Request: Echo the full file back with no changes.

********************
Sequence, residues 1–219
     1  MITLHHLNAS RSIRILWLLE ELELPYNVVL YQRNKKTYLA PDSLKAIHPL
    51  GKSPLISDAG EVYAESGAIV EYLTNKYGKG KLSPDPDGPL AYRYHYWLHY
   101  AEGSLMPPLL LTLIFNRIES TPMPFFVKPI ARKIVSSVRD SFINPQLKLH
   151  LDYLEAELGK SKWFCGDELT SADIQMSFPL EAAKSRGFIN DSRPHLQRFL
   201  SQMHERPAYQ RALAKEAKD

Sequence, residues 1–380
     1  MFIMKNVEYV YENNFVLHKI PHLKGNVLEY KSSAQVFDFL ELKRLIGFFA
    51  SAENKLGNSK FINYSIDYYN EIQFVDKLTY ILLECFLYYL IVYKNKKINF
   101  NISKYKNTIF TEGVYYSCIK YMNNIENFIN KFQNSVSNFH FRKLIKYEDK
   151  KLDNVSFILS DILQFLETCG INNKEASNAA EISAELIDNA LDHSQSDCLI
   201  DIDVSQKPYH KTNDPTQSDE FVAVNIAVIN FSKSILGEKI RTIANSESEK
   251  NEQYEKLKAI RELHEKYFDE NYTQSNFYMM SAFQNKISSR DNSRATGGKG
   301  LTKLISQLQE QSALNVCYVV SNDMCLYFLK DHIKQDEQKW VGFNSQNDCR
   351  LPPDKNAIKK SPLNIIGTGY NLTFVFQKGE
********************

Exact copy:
Sequence, residues 1–219
     1  MITLHHLNAS RSIRILWLLE ELELPYNVVL YQRNKKTYLA PDSLKAIHPL
    51  GKSPLISDAG EVYAESGAIV EYLTNKYGKG KLSPDPDGPL AYRYHYWLHY
   101  AEGSLMPPLL LTLIFNRIES TPMPFFVKPI ARKIVSSVRD SFINPQLKLH
   151  LDYLEAELGK SKWFCGDELT SADIQMSFPL EAAKSRGFIN DSRPHLQRFL
   201  SQMHERPAYQ RALAKEAKD

Sequence, residues 1–380
     1  MFIMKNVEYV YENNFVLHKI PHLKGNVLEY KSSAQVFDFL ELKRLIGFFA
    51  SAENKLGNSK FINYSIDYYN EIQFVDKLTY ILLECFLYYL IVYKNKKINF
   101  NISKYKNTIF TEGVYYSCIK YMNNIENFIN KFQNSVSNFH FRKLIKYEDK
   151  KLDNVSFILS DILQFLETCG INNKEASNAA EISAELIDNA LDHSQSDCLI
   201  DIDVSQKPYH KTNDPTQSDE FVAVNIAVIN FSKSILGEKI RTIANSESEK
   251  NEQYEKLKAI RELHEKYFDE NYTQSNFYMM SAFQNKISSR DNSRATGGKG
   301  LTKLISQLQE QSALNVCYVV SNDMCLYFLK DHIKQDEQKW VGFNSQNDCR
   351  LPPDKNAIKK SPLNIIGTGY NLTFVFQKGE